TECH REVIEW: KAM DIGI TWO | Skip to main content



A super-budget DJ controller

When it comes to DJ controllers, the big boys' toys tend to get the most attention. Anyone new to the scene could be forgiven for thinking that to get a decent hardware controller with enough features to make it a professional piece of equipment, a seriously large amount of cash is going to have to be paid in order to take it home.

Kam’s DigiTwo controller is the exception to the usual rule that applies when buying modestly priced DJ controllers. That rule is, of course, settling for less features or quality than the more expensive controllers. However, that is no longer the case because the DigiTwo is absolutely crammed with features normally only seen on much more expensive controllers.

Upon liberating the DigiTwo from its packaging, the most immediately noticeable feature is the fact that this is a four-channel controller with a proper four-channel mixer — complete with crossfader.

A less noticeable but still extremely important feature of the mixer is the standalone capability, ensuring that DJs can easily add conventional equipment to the controller via the external inputs for CD players or other music sources. The mixer accepts two external stereo inputs that are switchable between phono and line levels, as well as a grounding post for turntables along with gain controls for the input levels.

Kam have not skimped on the outputs either: there are XLR main outs that are paired with phono-style outputs along with another discreet booth output via two phono output connectors. These sort of features are normally only found on much higher ticket controllers, and ensure that the DigiTwo is as useful in a club environment as it is back at home in a lounge or bedroom.

Managing to pull off a compact size but still retaining a huge amount of functions without the control surface becoming cluttered or too tightly spaced is a delicate balancing act, but one that the DigiTwo has managed to pull off with aplomb. The mixer is a great example of this clever design. Each of the four channels on the mixer has three knobs for EQ, a dedicated gain knob, filter knob as well as cue buttons and two crossfader assignment buttons.

The crossfader assignment system is one of the most intuitive and best thought-out for a controller in this price bracket. The two buttons on each channel select either the left or right side of the crossfader, with instant visual feedback thanks to the backlit buttons. A master section is squeezed into the middle of the mixer to control the booth and master output levels, along with a rotary file browser knob and track load buttons that make browsing and loading tracks an absolute breeze.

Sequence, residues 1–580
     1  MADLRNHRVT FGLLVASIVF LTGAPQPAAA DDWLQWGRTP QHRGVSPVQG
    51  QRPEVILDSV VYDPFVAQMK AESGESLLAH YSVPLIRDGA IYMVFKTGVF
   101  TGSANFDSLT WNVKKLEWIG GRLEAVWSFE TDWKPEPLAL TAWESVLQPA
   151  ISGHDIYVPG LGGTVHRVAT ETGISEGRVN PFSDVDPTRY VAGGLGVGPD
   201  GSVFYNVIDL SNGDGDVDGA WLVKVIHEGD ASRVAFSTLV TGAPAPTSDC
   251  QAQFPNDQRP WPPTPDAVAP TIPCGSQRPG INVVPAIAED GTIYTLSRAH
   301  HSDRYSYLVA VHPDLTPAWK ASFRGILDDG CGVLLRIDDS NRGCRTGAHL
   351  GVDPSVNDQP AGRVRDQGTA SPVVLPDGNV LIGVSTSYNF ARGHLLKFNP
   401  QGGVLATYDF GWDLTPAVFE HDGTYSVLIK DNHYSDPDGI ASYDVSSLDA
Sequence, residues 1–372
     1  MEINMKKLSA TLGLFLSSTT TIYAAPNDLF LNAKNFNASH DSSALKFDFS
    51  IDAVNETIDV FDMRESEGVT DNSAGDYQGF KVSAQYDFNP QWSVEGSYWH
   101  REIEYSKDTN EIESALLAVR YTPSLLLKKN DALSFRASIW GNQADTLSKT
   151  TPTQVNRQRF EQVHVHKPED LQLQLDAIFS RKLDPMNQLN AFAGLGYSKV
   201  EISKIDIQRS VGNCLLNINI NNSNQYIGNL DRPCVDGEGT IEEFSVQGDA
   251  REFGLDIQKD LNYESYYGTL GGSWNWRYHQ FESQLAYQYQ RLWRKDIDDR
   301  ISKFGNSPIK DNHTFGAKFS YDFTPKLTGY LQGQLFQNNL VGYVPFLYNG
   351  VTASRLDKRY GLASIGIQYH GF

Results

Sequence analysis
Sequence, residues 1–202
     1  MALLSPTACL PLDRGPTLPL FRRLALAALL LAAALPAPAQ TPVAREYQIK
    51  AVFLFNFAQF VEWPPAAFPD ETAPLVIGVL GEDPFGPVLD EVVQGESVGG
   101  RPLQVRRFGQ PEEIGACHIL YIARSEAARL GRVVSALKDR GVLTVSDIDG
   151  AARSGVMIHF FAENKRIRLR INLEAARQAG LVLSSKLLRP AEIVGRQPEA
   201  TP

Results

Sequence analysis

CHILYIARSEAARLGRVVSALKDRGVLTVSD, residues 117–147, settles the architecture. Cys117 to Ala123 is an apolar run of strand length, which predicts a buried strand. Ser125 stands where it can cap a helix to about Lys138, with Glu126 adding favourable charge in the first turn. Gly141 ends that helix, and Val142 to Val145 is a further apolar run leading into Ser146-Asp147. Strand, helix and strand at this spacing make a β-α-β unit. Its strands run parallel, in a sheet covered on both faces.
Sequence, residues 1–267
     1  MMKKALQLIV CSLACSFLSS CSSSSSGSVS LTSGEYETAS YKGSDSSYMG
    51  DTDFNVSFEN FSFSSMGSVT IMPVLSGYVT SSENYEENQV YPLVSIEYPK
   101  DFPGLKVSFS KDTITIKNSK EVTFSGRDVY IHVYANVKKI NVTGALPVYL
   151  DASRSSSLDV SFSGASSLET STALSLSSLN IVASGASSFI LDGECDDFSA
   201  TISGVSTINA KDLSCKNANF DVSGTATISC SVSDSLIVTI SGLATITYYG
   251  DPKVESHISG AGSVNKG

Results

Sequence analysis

The jog-wheel sections sit either side of the DigiTwo’s mixer section with nicely-sized platters dominating the lower half of each section. Three large pad-style buttons sit at the bottom of each platter to provide control for Sync, Cue and Play. At the top of the controller section, alongside the pitch faders, are four cue buttons that also double as loop control buttons. Four knobs at the top of the controller sections take care of FX and sample controls, with the rest of the very impressive and generous control features being taken care of by an array of buttons in various shapes, sizes and locations.

Setting up the DigiTwo is a painless process. VirtualDJ comes included in the box, and the integration between the software and the controller is flawless as well as being very well thought-out. There is no need to fiddle with drivers, audio settings or MIDI settings — everything just works when the DigiTwo is connected. This is a very nice surprise, and will be a godsend for those new to digital DJing or the less technically minded.

Despite the diminutive cost of the Kam DigiTwo, it is a very high quality controller that has been very well designed and manufactured to a high quality. Given the ease of setting up the controller to work with the supplied VirtualDJ software, and the competitive price, the DigiTwo is perfect for new DJs as well as people who like to have a mix but have no desire to give up their day jobs.

The DigiTwo is also likely to find favour with DJs who are looking for a controller that is easy on the pocket, as well as easy on the back. The size and weight of the DigiTwo make it perfect for throwing in a bag and taking on the road, and the rugged construction should ensure many years of faithful service.

The DigiTwo is one of the most feature-packed controllers in this price bracket. This, along with the build quality, make it a great choice for a wide range of DJs.


Build quality8.0
Ease of use9.0
Value for money9.0
Sound Quality7.0


Four channel mixer, XLR outputs, booth output and lots of other features usually only seen on much more expensive controllers.


The knob caps look a little bit cheap and let down an otherwise stylish and professional-looking control surface.


The DigiTwo is a four-channel, four-deck controller, packed to the gills with features, without the usual high price tag associated with such capabilities.